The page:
Get the latest news and information from Echelon by signing up to receive our monthly newsletter.
Echelon™ Masonry joined forces with Belgard® hardscapes to showcase a variety of Oldcastle® Architectural Products at the NAHB® International Builders’ Show held in Las Vegas January 19-21, 2016, premiering two new Artisan Masonry Veneers®: Kensley Stone Thin Veneer and Westpeak Stone Thin Veneer.
For many years, architects and builders have appreciated the benefits of utilizing thin masonry veneers for a variety of projects. With the aesthetic appeal of full‐depth brick or natural stone, thin veneers typically cost significantly less to ship and install, can be used for both interior and exterior applications, and do not require the additional footings of natural stone or full‐depth masonry -- all of which set thin veneer as the economical, versatile option for a multitude of architectural uses.
On November 1, 2016, major changes to the U.S. Green Building Council (USGBC®) LEED® rating system will go into effect, including a significant overhaul of the Materials and Resources (MR) category that will shift expectations on sustainability reporting and performance. Despite the fact that adhering to LEED guidelines is often optional, products that meet the new complex and demanding transparency and performance requirements of LEED v4 will be more likely to gain favor with the architectural community moving forward.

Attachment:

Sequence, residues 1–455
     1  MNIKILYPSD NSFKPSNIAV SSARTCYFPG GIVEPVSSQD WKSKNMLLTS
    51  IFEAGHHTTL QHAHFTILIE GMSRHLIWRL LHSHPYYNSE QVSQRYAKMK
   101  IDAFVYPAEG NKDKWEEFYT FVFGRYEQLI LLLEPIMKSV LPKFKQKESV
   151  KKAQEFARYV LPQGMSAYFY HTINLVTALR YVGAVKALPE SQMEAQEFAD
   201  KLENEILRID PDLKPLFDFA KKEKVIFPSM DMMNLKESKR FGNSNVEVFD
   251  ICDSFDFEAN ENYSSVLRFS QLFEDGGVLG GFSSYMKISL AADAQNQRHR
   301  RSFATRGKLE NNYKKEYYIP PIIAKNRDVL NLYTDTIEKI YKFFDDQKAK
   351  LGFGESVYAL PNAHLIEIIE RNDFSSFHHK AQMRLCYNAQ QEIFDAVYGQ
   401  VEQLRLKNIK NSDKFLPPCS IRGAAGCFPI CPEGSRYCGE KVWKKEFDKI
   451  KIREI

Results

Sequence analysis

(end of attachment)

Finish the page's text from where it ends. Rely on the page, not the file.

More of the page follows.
On August 29, 2005, the nation watched as Hurricane Katrina ravaged the Gulf Coast, damaging or destroying over 120 schools in the New Orleans school district alone. Ten years after the storm, most of these school communities have not only rebounded, but flourished, and Oldcastle looks back on our part in the recovery story.
During the summer of 2016, Hall County Sheriff’s Department relocated its existing headquarters from downtown Gainesville—the site of the old county jail—to a 33-acre Government Center campus on Browns Bridge Road in Gainesville, Georgia. The new, three-story architectural block building is 50,000 square feet and provides the county with an expanded space ample for growth in the near future.